Earlier this year, I read Emma Cline’s novel The Girls. This book has been widely praised and was subject to a publication bidding war.
The praise was deserved; it’s beautifully written. It’s also an interesting look at the 1960s; a young woman in northern California is drawn into a cult led by a charismatic, Manson-like figure. Charles Manson, of course, recently died in prison. He was the leader of a late 1960s cult in southern California that brutally killed about 10 people.
Here’s what I thought, reading the novel: the end is kind of a cheat. There is almost a thematic wrap-up at the end, where she mediates on the kind of rage necessary to commit the kind of murders these women did, and attributes it to…specifically female disempowerment howling for power, or being overlooked and unseen and desperate to be seen.
It’s not that I think these motives weren’t at work; it seems logical to think they were.
But. In reading around about Emma Cline, here’s what struck me. Part of this novel is about privileged Marin County, the suburb north of San Francisco. Emma Cline herself is a descendant of the Jacuzzi family, of whirlpool fame. Her family owns a winery there.
I can’t ascribe the novel to the author’s background, of course. But I can say that part of the protagonist’s Evie’s story seems analogous. In her case, a grandmother has been a famous movie actress and her money supports both Evie’s mother and Evie, so it’s significant enough to be a source of financial capital as well as fame.
So, shutting this book, I admired its style, but here’s what I thought: aren’t the Manson family murders equally about naked class resentment? Something we never like to talk about in this country? It’s about a type of revenge against the privileged, an “I’ll show you who’s boss” move. Big time.
One of the chilling things about the Manson family, I think – and a reason that those events resound with life in California — is that on the surface, the Manson family looked like what Joan Didion calls dreamers of the golden dream. They had long straight hair; they smiled easily; they took drugs and had a good time. They drove around in a van.
So did many middle and upper middle class people too. It seemed as if there was a linkage. It seemed they were all connected, by the ethos of the time, in which vans, drugs, and free love were the determinants.
But what struck me about the novel’s backdrop — which is true to the real proceedings in this particular — is the creepy hippy-esque poverty in which the cult lived. Dumpster diving for food. Wearing cast-off clothes. Stripping old cars for parts. In part, this was the style of the times if you lived in a commune. But wasn’t this also, in a way, the white underclass manifesting itself?
This thought was actually triggered by looking around for the whereabouts of the actual people involved. Part of the Manson family is still in jail. He recently died. Fortunately: their crimes were horrific, gruesome. Sharon Tate’s family reliably showed up at their parole hearings and argued against parole. Her one surviving sister still does.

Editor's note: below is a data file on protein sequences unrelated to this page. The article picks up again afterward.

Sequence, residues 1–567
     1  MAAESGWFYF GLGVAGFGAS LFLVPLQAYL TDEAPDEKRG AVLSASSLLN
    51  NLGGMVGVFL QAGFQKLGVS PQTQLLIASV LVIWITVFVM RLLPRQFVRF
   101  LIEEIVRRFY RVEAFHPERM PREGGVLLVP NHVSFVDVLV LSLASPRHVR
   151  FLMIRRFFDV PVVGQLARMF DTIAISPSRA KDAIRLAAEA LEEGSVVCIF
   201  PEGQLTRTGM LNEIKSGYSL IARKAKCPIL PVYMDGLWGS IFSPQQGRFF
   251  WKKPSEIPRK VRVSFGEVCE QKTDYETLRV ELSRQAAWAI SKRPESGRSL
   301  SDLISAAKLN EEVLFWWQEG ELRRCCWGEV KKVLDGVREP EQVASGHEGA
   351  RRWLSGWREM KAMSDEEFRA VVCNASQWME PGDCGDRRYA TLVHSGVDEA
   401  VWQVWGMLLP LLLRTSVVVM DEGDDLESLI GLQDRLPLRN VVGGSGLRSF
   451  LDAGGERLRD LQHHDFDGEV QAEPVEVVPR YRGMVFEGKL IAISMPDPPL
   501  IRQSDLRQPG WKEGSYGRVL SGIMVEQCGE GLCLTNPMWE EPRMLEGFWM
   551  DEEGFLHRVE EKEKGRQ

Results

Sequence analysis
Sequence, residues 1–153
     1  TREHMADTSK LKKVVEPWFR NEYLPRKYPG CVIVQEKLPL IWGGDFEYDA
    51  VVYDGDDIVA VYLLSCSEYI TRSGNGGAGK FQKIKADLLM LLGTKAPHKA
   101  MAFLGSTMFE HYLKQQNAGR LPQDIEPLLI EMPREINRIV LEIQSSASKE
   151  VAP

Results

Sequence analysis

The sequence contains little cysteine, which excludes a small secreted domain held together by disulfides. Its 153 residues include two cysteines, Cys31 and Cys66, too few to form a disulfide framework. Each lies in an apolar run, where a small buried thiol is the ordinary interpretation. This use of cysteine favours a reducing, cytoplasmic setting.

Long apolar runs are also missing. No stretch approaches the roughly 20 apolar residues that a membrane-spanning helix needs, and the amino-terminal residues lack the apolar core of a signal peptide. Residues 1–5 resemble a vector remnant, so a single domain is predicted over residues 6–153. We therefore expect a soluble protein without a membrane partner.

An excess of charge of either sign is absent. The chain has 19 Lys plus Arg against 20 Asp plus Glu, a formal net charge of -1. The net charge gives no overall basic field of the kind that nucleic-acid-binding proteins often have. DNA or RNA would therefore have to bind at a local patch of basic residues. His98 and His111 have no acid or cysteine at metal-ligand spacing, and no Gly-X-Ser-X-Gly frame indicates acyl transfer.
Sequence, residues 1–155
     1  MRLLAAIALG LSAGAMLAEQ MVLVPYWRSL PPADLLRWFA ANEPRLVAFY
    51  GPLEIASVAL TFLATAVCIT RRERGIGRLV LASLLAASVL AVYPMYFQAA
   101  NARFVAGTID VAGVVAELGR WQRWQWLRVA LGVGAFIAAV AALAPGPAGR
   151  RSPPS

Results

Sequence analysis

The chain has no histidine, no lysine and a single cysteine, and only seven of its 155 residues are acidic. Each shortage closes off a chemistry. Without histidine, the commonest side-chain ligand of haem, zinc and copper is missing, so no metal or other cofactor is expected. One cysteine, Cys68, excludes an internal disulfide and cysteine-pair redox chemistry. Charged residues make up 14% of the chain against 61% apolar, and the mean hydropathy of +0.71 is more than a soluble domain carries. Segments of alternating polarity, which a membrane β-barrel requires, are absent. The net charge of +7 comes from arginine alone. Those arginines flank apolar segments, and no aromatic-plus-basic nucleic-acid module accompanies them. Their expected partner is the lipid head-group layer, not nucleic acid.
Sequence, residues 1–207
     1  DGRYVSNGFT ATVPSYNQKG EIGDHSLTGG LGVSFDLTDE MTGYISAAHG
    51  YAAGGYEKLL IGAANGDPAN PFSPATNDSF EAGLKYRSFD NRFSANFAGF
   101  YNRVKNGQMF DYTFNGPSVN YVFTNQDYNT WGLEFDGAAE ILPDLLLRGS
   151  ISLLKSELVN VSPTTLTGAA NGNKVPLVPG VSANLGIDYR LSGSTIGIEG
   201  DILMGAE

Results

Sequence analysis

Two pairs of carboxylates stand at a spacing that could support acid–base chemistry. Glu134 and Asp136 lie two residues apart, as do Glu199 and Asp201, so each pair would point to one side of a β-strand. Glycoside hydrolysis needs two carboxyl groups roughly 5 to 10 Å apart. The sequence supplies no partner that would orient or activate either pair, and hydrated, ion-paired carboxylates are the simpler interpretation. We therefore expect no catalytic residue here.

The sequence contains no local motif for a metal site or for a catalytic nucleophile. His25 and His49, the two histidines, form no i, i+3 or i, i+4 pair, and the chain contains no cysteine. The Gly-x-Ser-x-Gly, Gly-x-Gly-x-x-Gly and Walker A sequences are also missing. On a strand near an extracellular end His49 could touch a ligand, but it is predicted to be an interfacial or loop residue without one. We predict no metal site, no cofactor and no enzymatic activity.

The middle classness of the women in the cult was commented on by contemporary journalists at the time, and it’s become a staple in discussions of the Manson family. But maybe the long straight hair served as kind of a camouflage that made them seem like hippies rather than vagrants or small-time crooks, before the murders.
So they and their motives are often described in terms of romance, as in this review of The Girls in The Atlantic. What made them do it, kill so many people, when they were girls like us? Or in terms of popular music culture, as in this meditation on the death of Manson?
But Manson was a product of a specific underclass, with a mother who gave him away and served time in prison herself, as he did. Many of his followers had come from broken homes, lower middle class lives or, in Manson’s class, less.
Not that lower middle-class status made them criminals, of course. But it may have made the people they killed Other to them, symbols of privilege who deserved a big middle finger. And that’s a precondition for the acts themselves.
Sharon Tate was the daughter of a career military officer, and her handsome family — she may have been the movie star, but they were equally attractive — reek of a kind of San Diego-esque upper middle class privilege. When they’re pictured with George Bush for their victim’s rights activism, they look of a piece with him.
The Manson girls didn’t know Sharon Tate, as I recall the story. She was an accidental victim. But still, isn’t it more realistic to think they were all exacting revenge on the money and ease of upper middle class Californians? That’s who was killed, after all. Folger coffee heiresses. Wealthy restaurant owners, the next night.
Because the cult’s move into murder started (as the novel shows) as part of a series of microaggressions. In the novel, they start by simply going into people’s houses in Marin County and moving things about. In real life, they gradually took over a blind man’s property. Think about the sinister aspect of taking over power in the household.
It’s a criminal thing, microaggression. It’s symbolic. I can take what you have. I can fuck with what you have. And I’ll know it, but you won’t. And if you do realize it, you won’t be able to do anything about it.
It’s not that unusual for the relatively powerless to use it against the more powerful, especially if the powerful are unconscious and don’t react.
So, the Manson murders about female rage? Ok, yes. But also about class and privilege in America.